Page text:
Haroon Shahid has come a long way. Starting out with the rock act Symt and some well-received performances on Coke Studio, he was signed by Shoaib Mansoor for Verna, the director's third venture after Khuda Ke Liye and Bol. He has now become a household name with the hit television play Do Bol and other successful projects such as Tajdeed-e-Wafa and Khaas. HIP got in touch with the very talented crooner and actor for an exclusive, candid chat about Do Bol, the changes in his career path after Verna and his musical aspirations. Here are some excerpts from the conversation where Haroon chose to keep it real...
HIP: In the past two years, you have done a major film, and have been part of two successful television serials, including the hit of the season, Do Bol. Your third play Khaas is currently on air. Things are looking pretty good for you…
HS: Especially after Do Bol which actually came as a surprise to me that I did not expect it to do so well but then again, I guess that’s the way it works -- you really don’t know what is going to click. Although, I still find myself more of a musician than an actor currently. I feel I am more comfortable making music but I am learning day by the day as the switch to acting is happening slowly but surely. The comfort level (with acting) gets better every day with every project I do.
HIP: How has life been after Verna? Has it been smooth sailing? You have managed to gain a lot of mileage on television following the film…
HS: It has not been (smooth sailing). For me or for anybody who would be doing a Shoaib Mansoor film opposite Mahira Khan, one of the biggest project hype-wise in Pakistan, the expectations would be rather high. And the project did not do as well as had been expected -- the movie probably at best-managed break-even business, however, I was lucky in the sense that it was being distributed by Hum Films, and that is when I got in touch with the people at Hum Network. Initially, I did not know what would happen after the film as there was a gap of around six, seven months where I was just hoping that I would get a project, which was not materializing at that point. But then slowly and steadily things got better and I got my first offer. My first play was Tajdeed-e-Wafa (opposite Naveen Waqar) and then while I was doing that I signed on to another project which was Do Bol by Six Sigma Productions which has done really, really well. I am hearing it is being called one of the most viewed drama serials in Pakistan on YouTube ever. As far as my recognition and face value is concerned, it has risen considerably after this drama. My latest play Khaas is on air which has Sanam Baloch and Ali Rehman as leads alongside me. So yeah that is how it has gone.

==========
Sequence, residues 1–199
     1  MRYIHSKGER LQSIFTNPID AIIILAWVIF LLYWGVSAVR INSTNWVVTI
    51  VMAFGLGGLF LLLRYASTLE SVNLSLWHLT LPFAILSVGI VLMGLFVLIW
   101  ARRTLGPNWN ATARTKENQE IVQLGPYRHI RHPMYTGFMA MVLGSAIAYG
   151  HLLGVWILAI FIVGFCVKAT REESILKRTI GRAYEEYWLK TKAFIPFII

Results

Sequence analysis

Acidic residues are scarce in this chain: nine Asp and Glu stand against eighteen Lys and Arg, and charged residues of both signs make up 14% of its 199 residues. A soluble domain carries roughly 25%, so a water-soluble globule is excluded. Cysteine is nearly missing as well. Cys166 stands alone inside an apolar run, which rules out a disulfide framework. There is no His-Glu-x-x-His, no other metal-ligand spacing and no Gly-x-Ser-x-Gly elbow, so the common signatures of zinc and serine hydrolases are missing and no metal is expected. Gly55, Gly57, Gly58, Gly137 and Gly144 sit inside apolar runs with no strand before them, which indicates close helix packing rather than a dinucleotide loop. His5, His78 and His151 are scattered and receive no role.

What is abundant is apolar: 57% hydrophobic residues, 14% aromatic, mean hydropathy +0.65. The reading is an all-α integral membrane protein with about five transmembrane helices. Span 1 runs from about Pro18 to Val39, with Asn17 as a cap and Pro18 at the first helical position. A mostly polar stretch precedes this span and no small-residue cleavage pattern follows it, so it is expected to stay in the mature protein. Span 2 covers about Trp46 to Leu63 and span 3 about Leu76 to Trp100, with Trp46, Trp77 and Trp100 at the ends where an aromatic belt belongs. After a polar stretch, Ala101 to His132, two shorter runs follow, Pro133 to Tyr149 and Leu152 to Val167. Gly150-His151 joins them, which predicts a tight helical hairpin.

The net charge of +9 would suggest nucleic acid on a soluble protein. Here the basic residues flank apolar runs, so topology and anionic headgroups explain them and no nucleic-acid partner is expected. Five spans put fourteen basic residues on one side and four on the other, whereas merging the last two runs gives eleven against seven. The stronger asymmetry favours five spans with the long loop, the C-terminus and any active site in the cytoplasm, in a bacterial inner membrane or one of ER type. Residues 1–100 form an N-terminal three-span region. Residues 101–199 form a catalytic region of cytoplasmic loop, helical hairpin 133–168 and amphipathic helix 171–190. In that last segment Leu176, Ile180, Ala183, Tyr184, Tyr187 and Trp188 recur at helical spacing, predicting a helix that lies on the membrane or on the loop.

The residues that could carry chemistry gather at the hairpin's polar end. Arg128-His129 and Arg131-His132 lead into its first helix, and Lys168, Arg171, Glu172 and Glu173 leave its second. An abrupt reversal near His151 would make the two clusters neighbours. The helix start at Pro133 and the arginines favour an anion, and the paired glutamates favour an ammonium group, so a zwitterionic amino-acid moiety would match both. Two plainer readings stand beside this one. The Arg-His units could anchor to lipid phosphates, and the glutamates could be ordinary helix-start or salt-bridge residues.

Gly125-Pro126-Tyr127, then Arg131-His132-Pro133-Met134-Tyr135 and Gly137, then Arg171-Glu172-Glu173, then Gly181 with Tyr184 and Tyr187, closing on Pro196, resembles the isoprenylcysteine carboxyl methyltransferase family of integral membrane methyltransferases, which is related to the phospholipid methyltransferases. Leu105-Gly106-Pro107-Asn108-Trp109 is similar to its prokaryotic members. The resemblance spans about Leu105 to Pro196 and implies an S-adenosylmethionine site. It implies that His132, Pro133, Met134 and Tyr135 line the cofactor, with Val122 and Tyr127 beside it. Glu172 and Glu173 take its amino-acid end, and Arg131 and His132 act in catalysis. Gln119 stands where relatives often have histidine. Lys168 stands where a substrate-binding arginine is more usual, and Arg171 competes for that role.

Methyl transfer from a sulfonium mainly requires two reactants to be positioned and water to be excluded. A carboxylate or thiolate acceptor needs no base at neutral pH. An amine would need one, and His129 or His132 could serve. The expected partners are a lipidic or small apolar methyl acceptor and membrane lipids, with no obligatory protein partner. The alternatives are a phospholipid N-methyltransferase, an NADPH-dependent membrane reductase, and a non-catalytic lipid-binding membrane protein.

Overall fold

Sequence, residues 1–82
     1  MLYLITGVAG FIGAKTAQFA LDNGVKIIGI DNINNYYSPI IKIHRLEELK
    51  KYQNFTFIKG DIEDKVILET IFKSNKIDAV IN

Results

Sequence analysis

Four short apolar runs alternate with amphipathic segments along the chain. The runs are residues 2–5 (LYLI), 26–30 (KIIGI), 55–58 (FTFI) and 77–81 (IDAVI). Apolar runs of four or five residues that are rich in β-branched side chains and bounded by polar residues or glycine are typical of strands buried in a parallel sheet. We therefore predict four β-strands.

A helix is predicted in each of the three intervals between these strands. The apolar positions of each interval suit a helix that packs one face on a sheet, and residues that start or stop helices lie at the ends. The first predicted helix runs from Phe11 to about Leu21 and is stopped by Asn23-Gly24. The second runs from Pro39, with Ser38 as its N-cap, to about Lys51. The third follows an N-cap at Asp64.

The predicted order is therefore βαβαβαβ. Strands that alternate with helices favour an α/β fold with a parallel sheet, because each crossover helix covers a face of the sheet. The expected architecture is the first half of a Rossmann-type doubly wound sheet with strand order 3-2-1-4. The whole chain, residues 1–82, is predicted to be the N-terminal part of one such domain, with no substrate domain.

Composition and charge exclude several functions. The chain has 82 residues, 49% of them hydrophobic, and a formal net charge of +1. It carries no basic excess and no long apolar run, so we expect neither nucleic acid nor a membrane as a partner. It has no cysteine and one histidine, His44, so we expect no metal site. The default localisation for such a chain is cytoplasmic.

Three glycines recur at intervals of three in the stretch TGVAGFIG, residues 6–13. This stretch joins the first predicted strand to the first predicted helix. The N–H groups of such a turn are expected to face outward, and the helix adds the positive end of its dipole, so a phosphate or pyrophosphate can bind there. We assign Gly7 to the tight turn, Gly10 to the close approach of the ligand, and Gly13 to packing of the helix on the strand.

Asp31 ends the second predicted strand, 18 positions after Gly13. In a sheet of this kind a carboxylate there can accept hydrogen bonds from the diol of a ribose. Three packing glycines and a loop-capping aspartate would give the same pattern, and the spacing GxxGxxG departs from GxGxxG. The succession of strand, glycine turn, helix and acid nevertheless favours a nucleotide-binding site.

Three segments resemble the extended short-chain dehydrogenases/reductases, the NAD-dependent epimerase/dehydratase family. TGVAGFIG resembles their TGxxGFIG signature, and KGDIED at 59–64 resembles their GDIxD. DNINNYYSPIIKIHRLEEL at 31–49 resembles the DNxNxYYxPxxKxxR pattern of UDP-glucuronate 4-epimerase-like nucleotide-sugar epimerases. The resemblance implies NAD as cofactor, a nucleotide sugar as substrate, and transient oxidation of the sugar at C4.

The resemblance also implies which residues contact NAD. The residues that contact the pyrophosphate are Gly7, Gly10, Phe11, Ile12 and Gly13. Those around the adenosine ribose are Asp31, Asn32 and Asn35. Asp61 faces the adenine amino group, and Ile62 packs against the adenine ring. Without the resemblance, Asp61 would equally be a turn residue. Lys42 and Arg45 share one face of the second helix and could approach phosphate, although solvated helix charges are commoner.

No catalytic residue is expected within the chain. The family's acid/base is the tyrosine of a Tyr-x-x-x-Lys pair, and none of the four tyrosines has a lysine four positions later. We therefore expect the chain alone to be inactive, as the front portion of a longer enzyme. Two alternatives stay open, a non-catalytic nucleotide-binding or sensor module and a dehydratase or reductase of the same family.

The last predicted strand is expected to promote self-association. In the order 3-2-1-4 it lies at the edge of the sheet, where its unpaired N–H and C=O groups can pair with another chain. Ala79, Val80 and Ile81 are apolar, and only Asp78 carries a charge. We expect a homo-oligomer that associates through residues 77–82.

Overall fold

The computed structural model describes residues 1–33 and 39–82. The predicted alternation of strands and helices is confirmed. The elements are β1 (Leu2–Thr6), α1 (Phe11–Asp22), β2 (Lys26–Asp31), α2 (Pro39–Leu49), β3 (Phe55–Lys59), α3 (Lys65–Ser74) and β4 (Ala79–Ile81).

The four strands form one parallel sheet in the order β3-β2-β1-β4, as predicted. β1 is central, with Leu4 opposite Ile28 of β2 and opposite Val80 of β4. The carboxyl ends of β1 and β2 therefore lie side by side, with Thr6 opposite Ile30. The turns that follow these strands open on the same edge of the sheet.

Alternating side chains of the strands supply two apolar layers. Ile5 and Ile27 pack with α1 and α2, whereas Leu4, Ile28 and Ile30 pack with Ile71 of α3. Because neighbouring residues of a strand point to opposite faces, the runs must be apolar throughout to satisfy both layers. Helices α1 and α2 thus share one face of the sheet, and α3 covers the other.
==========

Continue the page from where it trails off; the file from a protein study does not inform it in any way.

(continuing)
HIP: You originally started out as a musician, during a period when Pakistani pop-music was expected to take off following a series of successful artists such as Atif Aslam and Ali Zafar striking it big. That did not quite happen – what do you think were the reasons?
HS: It can be attributed to a couple of reasons, and we can spend a whole day talking about this – but to mention the main ones -- Number one, live music was killed because of security issues. So there were a lot of places where we would be expecting to be playing for a public audience and expect people to come and buy tickets, that just completely vanished, to the point that people were not prepared to pay for concerts. The live music circuit was the life and blood of the industry, and to draw parallels with cinema, the reason people in Pakistan have started to make films is because the cinema ensures that you cannot go in without paying the ticket. The second reason has to do with commercialism. While on the outset, it appeared that you need commercialism for the industry to survive, slowly and steadily it was killing it. To give an example, if I do not want to watch (an artiste such as) Atif Aslam or Ali Zafar play (solo), and I know that there is a certain corporate event happening or there is a food festival happening (where the artiste will be performing, too), so I will just rather go there. Given this, if an artist demands that he charge a certain amount for his (solo) concert’s tickets, he probably is not going to get it as not even half of the audience which would have seen him play at a corporate event or a food festival would show up. And number three, the only music we have been hearing is from soft drink-sponsored shows – and bear in mind that they only want hits – and the only way they ensure that is by picking up an old song and rearranging the music and voila!, you have a hit. So lack of original music is the third major point.